Something else tangential I should add is to keep in mind how good your camera is. Consumer-lever camcorders tend to do a poor job of handling contrast. I've lit some scenes that looked pretty great on the expensive film cameras or HD or whatever, but the video from my MiniDV camera I shoot my silly "behind the scenes stuff" on ends up complete trash. The brighter parts are completely blown out (over exposed) and the dark parts are completely black.
     
  8. swwack91 thread starter macrumors 6502a

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    well i while back i had posted a thread about how much a difference a new camera would make and a lot of the people said to save the cash on a new camera and get lighting.

    the link in my signature goes to my youtube videos. besides the obvious crap quality for uploading it onto the web - you can still get a mildly good idea of how my camera is.

    at the end of the day its just a high-end consumer miniDV camera.
     
  9. AviationFan macrumors 6502a

    AviationFan

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    #9
    True statement for regular bakgrounds, but not a problem when doing chroma key, right?

    - Martin
     
  10. banjomamo macrumors regular

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    Just get the cheap stuff and experiment. It's not like you're trying to make money with this equipment yet. You may need something to diffuse the light more or you may not, it will be different for each shoot. I say learn how to work with the cheap stuff and make it look great - anything is possible.
     
  11. LethalWolfe macrumors G3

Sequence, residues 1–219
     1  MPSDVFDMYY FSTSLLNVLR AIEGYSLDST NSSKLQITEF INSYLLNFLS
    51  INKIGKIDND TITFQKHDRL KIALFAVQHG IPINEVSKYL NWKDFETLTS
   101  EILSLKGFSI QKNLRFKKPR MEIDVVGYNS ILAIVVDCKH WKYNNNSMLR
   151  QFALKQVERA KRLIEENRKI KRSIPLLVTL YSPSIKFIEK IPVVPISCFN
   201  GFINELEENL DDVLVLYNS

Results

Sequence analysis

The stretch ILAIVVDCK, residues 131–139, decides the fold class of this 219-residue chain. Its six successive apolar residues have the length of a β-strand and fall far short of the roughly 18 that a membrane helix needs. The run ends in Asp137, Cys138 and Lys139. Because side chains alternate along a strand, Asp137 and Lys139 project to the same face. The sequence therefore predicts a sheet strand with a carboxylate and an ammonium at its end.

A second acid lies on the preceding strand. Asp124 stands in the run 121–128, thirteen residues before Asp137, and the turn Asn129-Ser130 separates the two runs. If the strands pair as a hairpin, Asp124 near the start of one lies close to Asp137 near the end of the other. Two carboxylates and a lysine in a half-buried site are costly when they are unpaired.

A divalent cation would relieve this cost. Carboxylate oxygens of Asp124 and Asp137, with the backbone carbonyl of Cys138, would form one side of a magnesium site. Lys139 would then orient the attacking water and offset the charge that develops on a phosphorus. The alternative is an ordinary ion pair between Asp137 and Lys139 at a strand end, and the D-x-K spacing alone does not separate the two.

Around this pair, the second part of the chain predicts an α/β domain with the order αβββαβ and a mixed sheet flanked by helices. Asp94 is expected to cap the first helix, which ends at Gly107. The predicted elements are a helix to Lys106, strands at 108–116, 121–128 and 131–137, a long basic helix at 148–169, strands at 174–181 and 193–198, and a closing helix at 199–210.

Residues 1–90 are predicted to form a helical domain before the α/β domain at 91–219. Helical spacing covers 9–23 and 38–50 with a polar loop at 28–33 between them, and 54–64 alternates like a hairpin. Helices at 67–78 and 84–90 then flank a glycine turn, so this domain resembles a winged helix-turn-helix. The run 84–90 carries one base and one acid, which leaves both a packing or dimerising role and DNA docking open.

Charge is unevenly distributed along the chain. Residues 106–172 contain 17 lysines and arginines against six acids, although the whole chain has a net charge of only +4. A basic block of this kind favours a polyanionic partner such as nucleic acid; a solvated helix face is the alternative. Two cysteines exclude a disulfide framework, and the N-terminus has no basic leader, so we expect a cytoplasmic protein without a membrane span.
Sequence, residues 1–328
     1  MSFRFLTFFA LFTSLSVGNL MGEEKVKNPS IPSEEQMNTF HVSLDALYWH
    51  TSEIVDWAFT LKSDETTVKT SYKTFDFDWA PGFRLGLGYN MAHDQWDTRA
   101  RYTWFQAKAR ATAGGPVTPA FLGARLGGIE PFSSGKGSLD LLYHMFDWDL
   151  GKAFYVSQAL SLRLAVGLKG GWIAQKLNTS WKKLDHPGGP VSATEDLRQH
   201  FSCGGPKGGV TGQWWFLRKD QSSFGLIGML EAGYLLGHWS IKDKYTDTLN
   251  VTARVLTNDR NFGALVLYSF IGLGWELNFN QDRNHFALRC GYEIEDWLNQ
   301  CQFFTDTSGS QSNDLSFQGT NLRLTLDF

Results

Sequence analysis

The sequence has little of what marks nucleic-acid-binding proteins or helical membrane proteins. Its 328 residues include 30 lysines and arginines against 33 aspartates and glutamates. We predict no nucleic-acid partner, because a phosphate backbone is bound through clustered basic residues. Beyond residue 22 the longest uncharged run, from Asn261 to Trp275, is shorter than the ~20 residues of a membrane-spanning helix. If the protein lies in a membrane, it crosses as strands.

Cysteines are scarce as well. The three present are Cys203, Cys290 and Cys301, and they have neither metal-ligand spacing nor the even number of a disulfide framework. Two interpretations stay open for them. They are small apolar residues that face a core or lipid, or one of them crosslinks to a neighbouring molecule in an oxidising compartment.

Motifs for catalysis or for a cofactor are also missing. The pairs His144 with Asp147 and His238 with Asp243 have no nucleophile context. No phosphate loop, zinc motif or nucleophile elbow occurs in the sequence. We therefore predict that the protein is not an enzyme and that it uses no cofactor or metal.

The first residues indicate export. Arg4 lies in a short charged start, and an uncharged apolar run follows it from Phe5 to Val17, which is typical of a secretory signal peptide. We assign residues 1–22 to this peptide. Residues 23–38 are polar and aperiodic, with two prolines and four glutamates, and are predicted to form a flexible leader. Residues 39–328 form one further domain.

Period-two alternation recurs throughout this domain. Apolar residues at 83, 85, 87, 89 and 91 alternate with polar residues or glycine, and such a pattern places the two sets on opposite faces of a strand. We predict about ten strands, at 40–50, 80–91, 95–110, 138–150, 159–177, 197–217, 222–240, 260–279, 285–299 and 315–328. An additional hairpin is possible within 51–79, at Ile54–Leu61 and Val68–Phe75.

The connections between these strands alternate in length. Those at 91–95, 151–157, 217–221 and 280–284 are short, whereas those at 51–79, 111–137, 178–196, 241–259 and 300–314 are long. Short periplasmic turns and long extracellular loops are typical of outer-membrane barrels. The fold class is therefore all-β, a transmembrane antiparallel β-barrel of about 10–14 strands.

LethalWolfe

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    #11
    If it hasn't been recommended to you yet picking up a copy of The DV Rebels Guide: An All-Digital Approach to Making Killer Action Movies on the Cheap is just about the best $30 you'll ever spend (much of the info inside is relevant to any type of lo/no budget venture not just action movies).

    Lighting is is putting light where you want it (obviously) and also taking away light from where you don't want it. As another poster suggested I'd go buy some work lights from Home Depot (ones moveable heads), some black and white foam core from an art store and start experimenting. The lights you linked too look like they'd be good for giving off a soft, even light but that's not what yer always gonna want so those lights might be limiting. You can achieve a similar effect by using a work light and bouncing the light off of the ceiling, a white wall or a piece of what foam core. You can use the black foam core as a "flag" to block light and place shadows where you want them. I think you can also get dimmers at Home Depot, but be careful because if you dim too much you'll change the color temperature of the lamp which will make white balancing problematic if you have multiple lights all dimmed a different amount.

    Blackwrap is also very useful (it's basically a heavy duty, matte black aluminum foil) because you can attach it to the front of your lights to help control where your lighting goes (careful though, it gets very hot very fast so always make sure you have work gloves on when using it). For example, if you want to put a slash of light going down a wall you just clothespin (wood, not plastic) some blackwrap onto your light and bend/fold the wrap until you get the light slash you are happy with.


    Lethal
     
  12. D ROCK macrumors regular

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    #12
    good advice on the home depot lights!
    I picked up 4 doubles on sale. they had push buttons on back to set a low light or a high light.
    they came in a plastic carry case with a foldup extendable tripod and the two lights would swivel from the top of the tripod.
    they were bright orange but I sprayed them flat black to look a bit more "pro" for clients shoots etc....
    I love them!
    sure they are not "pro" but they only cost me $35 CDN each set and I got all 8 lights for less than $150.00
    that left me with a bit extra to but a reflector... I used a foldup car window sunlight reflector shade. I works great to bounce light in the correct direction...

    go a bit cheaper and experiment!
    have fun.
    great videos by the way!
     
  13. swwack91 thread starter macrumors 6502a